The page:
Crowdsourcing research

Last year climate scientist Dr Ben McNeil created an innovative way for members of the public to engage with and financially support scientists to carry out cutting-edge research via a subscription crowdfunding platform called The initiative seeks to address major shortfalls in funding for blue-sky research and early career scientists in Australia.

“Government research grants tend to favour established researchers with long track-records. Failure, risk-taking and pursuit of crazy-sounding, but potentially transformative, ideas are not supported under the current system,” said Dr McNeil.

“But failure – paradoxically – is the basis of success. If researchers are not testing new ideas and failing, then they’re not innovating; they’re just making incremental advances in knowledge.”

With more than four out of five applicants for competitive government research grants unsuccessful, Dr McNeil says that by tapping a new avenue for on-going support, will complement, not replace, this system.

“Every Thinkable sponsorship goes to researchers to pursue their most creative and innovative ideas,” said Dr McNeil.

Since the platform launched in August last year, Thinkable has grown to nearly 10,000 members and researchers from around the world. Over $150,000 has been raised or on offer through partner organizations launching open grants and competitions on the platform.

In the latest campaign, the Thinkable Open Innovation Award attracted 47 creative research pitches from 25 different universities and 6 countries in just two months. Participants created three-minute videos to inspire the world and compete for $5,000 towards their research.

Dr McNeil said the goal was to provide an open forum that would showcase and reward researchers to engage with the widest possible audience around the world.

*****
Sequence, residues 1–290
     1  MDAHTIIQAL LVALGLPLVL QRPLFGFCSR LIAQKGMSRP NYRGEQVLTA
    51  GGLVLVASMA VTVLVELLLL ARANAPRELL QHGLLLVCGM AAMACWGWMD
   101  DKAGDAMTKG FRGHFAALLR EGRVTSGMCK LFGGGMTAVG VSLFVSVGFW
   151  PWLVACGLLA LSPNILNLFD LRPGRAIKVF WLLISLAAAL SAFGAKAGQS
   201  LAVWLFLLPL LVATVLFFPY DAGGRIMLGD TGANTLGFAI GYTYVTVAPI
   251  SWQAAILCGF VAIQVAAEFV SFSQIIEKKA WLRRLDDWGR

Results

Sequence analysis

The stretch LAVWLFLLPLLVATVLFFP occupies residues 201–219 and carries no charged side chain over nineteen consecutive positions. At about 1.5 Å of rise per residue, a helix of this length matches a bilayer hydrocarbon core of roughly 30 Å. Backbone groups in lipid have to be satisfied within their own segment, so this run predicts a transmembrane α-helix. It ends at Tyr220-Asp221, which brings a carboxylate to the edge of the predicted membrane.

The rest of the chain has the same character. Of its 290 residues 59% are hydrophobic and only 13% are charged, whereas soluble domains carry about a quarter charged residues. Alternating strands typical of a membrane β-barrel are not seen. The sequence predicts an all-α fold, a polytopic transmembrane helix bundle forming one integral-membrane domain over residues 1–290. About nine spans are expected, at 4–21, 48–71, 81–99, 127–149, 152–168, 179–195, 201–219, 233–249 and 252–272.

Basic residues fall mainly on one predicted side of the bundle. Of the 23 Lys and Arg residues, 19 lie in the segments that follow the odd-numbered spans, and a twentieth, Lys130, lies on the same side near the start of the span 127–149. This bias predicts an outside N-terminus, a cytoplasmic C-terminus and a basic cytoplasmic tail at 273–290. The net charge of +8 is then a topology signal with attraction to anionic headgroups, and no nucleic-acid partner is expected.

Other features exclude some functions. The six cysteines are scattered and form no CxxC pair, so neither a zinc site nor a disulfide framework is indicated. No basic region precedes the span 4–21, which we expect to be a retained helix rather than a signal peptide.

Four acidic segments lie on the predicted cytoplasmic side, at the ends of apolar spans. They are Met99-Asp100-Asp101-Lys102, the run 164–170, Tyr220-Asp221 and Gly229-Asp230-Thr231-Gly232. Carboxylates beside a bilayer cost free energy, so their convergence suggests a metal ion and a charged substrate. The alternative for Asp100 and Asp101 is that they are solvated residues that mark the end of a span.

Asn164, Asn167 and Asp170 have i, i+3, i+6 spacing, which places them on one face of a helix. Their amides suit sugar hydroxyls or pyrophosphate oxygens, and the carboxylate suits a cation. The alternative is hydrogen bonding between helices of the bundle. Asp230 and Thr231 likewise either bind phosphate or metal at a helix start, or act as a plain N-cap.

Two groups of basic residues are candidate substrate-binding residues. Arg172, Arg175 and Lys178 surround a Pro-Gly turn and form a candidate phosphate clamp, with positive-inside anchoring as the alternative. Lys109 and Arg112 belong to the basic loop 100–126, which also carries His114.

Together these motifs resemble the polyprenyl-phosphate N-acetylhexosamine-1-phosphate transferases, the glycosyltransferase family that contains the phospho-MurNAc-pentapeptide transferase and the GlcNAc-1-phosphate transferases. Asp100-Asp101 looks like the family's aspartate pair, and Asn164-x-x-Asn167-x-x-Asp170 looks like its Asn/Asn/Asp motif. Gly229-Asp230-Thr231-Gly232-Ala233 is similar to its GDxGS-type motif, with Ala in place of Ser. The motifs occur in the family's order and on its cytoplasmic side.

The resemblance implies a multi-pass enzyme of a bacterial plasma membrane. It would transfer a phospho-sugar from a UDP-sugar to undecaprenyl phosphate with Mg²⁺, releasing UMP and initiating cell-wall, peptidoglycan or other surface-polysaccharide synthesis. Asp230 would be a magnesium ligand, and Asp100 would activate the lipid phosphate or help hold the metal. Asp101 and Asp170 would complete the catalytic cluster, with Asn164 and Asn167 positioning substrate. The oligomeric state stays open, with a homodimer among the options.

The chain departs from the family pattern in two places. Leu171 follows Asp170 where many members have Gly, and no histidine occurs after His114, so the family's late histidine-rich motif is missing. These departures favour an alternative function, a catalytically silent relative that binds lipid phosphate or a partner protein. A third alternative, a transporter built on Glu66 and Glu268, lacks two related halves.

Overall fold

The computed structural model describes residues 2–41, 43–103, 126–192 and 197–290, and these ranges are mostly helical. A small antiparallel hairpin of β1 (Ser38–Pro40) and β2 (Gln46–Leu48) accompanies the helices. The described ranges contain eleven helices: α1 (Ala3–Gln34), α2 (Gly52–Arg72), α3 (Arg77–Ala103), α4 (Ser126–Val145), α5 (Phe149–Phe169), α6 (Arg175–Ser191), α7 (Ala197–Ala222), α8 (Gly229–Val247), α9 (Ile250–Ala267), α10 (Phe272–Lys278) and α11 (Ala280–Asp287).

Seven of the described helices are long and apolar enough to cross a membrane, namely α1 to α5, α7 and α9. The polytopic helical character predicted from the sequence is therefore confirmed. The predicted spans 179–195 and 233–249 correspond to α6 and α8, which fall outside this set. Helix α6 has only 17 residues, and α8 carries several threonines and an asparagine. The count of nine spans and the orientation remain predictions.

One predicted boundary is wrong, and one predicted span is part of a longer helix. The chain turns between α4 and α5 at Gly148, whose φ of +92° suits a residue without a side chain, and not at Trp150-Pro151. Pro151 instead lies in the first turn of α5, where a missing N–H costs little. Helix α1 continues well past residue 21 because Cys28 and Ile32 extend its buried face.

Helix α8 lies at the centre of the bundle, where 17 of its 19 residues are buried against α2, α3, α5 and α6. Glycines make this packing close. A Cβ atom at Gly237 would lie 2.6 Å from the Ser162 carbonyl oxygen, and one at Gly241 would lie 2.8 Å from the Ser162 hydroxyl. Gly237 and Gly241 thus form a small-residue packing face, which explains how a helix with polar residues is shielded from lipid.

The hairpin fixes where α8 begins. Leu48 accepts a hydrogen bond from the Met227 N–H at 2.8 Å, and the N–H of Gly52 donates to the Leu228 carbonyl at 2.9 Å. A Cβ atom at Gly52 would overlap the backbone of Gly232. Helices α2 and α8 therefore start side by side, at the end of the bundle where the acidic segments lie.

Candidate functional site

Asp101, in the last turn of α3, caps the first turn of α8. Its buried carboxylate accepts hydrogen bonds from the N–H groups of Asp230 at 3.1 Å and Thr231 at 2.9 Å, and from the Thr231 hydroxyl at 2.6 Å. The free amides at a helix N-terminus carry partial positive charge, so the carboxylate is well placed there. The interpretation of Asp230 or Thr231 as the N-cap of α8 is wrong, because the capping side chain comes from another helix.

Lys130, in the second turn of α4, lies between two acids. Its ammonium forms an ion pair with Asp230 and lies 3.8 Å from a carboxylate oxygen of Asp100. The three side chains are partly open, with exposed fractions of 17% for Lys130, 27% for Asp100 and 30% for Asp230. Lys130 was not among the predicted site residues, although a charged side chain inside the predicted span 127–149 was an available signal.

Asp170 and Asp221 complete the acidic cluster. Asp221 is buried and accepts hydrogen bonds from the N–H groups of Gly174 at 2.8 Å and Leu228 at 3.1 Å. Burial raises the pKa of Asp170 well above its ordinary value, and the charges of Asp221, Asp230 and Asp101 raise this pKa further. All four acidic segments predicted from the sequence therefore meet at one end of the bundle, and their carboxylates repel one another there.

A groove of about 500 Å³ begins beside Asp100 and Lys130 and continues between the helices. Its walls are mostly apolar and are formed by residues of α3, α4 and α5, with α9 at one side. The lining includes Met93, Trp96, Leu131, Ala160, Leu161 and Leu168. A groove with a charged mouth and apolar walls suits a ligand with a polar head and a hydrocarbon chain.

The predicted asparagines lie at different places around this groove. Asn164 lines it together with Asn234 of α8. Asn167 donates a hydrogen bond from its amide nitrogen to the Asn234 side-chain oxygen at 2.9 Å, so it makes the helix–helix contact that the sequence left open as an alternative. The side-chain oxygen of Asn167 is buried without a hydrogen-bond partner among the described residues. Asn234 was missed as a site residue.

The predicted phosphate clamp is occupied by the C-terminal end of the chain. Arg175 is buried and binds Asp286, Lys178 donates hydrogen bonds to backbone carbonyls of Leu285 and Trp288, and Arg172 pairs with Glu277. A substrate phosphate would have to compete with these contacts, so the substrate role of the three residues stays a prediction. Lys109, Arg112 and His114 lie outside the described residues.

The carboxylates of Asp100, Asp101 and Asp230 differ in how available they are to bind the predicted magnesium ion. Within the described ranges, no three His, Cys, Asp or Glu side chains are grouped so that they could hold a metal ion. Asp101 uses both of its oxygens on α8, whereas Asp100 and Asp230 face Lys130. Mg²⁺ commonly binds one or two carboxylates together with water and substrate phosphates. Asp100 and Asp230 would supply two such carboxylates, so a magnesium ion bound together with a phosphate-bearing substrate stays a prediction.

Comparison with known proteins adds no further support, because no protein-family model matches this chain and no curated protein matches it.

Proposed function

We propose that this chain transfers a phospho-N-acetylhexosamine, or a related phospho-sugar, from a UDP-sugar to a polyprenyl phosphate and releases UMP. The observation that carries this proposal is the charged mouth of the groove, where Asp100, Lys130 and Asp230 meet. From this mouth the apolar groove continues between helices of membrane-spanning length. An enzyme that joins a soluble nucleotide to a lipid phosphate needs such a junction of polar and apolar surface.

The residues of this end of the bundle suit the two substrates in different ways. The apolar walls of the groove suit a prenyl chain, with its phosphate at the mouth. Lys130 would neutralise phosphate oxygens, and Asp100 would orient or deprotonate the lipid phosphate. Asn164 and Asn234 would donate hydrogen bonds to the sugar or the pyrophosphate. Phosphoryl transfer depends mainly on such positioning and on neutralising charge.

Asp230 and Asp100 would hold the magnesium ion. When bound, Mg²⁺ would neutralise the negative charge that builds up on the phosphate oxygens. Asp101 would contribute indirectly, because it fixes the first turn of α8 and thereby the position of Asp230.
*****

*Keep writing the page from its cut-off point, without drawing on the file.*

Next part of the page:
“During the voting period, we received 7,394 registered votes and the videos attracted 128,000 views. On average, each submission had about 50 hours of real engagement from 1,000 people around the world. Each of the top five entrants received well over 10,000 views, with the lead changing many times during the voting period.”

The overall winner of the 2015 Thinkable Open Innovation Prize was UNSW’s Dr Jeremy Henson, whose submission to develop a technology to create high-throughput cancer screening technology won 1,477 votes. And while the initial prize money was $5,000, nine new sponsors joined Thinkable to top-up the award with an extra $700 that will help this year’s winner pursue his project.

In the coming months, many more prizes, grants and competitions will be launched in partnership with organisations and societies to showcase and fund researchers in this innovative and engaging way.

Find out more about Dr Jeremy Henson’s winning pitch:

Get involved
Researchers in any field of science at any stage in their career can register and start building their profile on Thinkable. All registered researchers will receive updates on the latest competitions and grants available for funding as well as giving them the tools to building their own audience for on-going support.

Here’s where researchers can sign-up:

About the author
Dr Ben McNeil is a senior researcher at UNSW’s Climate Change Research Centre.